Experts Recommend Fewer Lab Tests for Hospitalised Patients
BALTIMORE, Md -- November 2, 2017 -- In a review article published in JAMA Internal Medicine, experts compiled published evidence and crafted an experience-based quality improvement blueprint to reduce repetitive lab testing for hospitalised patients.
Repeated blood draws for such tests can lead to hospital-acquired anaemia and other complications.
This is the second paper co-authored by residents and faculty from the High Value Practice Academic Alliance, a consortium of nearly 90 academic medical centres collaborating to improve healthcare quality and safety by reducing unnecessary components of practice that do not add value to patient care.
“Excessive blood draws can deplete a patient’s haemoglobin count, which often leads to repeat testing,” said Kevin Eaton, MD, Johns Hopkins Hospital, Baltimore, Maryland.
Others have estimated that nearly 20% of hospitalised patients can develop moderate to severe hospital-acquired anaemia. This spiral can generate additional unnecessary tests, interventions, and costs for the patient. Moreover, published studies show that decreasing repetitive daily laboratory testing did not result in missed diagnoses or increase the number of readmissions to the hospital, according to the authors.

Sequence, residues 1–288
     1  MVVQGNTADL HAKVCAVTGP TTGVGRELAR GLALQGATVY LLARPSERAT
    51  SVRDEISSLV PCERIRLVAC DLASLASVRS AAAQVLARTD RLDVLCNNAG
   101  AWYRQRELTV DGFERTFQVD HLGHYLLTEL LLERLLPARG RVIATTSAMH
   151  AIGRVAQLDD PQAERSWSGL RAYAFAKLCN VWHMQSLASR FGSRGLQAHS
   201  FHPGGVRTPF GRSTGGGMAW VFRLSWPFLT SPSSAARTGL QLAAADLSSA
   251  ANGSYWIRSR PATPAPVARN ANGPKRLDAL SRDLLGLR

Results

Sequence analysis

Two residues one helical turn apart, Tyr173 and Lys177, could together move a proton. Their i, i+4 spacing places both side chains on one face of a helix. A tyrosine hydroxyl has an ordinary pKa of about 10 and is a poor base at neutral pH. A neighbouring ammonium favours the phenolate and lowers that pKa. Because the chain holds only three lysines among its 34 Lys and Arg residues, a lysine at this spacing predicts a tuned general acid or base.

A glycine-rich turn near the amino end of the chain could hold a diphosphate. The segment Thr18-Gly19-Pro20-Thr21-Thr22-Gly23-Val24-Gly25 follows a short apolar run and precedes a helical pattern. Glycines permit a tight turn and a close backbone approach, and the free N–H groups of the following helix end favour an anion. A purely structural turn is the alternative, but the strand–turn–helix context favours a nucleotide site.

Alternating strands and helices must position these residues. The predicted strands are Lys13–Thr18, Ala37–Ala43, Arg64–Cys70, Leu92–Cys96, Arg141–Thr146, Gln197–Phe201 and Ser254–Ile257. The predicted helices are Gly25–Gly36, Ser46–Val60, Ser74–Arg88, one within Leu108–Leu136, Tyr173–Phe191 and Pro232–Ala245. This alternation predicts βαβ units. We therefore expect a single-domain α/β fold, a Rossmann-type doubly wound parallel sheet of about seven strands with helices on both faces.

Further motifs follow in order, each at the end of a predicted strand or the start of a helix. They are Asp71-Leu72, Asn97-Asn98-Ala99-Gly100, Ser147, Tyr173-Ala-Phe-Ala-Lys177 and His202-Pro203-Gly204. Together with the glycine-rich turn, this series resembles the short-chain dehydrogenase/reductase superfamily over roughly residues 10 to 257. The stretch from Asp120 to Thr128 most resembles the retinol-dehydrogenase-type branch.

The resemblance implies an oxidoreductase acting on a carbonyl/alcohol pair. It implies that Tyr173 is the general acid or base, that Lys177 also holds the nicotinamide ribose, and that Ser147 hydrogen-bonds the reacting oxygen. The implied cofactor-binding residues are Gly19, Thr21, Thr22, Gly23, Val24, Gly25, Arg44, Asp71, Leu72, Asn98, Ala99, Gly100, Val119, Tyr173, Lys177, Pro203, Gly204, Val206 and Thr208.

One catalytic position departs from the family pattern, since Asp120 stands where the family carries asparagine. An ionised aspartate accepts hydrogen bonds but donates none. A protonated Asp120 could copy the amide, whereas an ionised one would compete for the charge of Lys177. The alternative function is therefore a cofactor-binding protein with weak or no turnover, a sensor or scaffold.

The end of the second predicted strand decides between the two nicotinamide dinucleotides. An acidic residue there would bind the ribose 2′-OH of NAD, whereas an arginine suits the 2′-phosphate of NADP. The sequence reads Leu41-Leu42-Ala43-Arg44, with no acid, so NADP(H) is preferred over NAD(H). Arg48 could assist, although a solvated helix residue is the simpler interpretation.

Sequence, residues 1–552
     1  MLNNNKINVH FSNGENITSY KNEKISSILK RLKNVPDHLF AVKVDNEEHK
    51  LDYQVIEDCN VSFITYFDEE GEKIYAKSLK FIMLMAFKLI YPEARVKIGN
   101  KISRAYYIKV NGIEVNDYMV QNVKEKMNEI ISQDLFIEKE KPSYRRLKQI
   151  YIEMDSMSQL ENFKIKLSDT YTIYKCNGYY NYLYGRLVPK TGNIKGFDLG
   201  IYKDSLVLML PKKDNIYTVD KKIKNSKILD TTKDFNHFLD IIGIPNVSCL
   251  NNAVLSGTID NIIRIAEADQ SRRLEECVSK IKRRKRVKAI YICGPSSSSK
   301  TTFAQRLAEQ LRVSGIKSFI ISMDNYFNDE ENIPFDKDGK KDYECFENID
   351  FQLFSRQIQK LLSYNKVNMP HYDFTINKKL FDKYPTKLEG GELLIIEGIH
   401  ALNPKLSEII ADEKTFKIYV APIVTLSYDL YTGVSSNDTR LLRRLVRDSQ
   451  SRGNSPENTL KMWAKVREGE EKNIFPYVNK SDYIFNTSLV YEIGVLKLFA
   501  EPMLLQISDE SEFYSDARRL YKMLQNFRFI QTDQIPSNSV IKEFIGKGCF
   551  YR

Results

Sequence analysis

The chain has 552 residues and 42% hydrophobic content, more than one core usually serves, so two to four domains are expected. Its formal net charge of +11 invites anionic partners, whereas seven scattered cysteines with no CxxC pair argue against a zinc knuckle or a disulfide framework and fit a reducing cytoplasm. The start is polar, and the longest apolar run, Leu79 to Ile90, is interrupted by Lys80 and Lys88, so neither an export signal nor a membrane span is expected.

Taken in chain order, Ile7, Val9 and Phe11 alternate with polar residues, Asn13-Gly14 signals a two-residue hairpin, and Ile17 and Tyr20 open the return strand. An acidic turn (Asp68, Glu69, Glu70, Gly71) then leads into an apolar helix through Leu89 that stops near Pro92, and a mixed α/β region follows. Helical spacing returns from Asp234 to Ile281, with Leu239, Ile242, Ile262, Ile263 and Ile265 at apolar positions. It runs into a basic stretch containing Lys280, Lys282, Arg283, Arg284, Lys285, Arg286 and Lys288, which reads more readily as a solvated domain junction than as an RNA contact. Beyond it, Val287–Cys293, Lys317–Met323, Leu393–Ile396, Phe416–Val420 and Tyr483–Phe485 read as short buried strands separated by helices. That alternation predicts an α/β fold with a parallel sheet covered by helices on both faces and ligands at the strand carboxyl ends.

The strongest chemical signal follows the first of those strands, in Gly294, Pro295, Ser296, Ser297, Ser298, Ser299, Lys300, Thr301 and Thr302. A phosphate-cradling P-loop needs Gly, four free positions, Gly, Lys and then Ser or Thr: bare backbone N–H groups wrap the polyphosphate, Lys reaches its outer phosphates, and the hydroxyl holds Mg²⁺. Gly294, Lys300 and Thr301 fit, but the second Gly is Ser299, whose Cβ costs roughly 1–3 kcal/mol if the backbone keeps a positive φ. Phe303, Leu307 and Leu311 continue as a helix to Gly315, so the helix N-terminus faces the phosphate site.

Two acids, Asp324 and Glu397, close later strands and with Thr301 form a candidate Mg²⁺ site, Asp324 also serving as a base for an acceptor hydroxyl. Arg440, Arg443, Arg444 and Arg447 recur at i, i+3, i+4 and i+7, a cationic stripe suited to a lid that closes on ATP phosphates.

While many professional societies have recommended reducing repetitive lab tests, recommendations alone typically do not change behaviour. The most successful efforts to reduce daily lab testing in this review included a combination of educating healthcare providers about charges, obtaining feedback by showing providers’ ordering habits and changing clinical workflow to restrict automated repeat ordering of tests.
The recommendations are as follows:
· Design hospital-wide educational initiatives backed by data to collectively outline and standardise best practice.
· Establish target numbers by which to reduce lab test ordering and provide instant feedback to those ordering tests to show their personal ordering patterns, so they are aware of their own behaviour with respect to agreed-upon standards.
· Reprogram the electronic systems used to order tests to restrict the number of “pre-ordered” tests with an eye on having better reasons to order tests than just doing so daily.
SOURCE: Johns Hopkins Medicine
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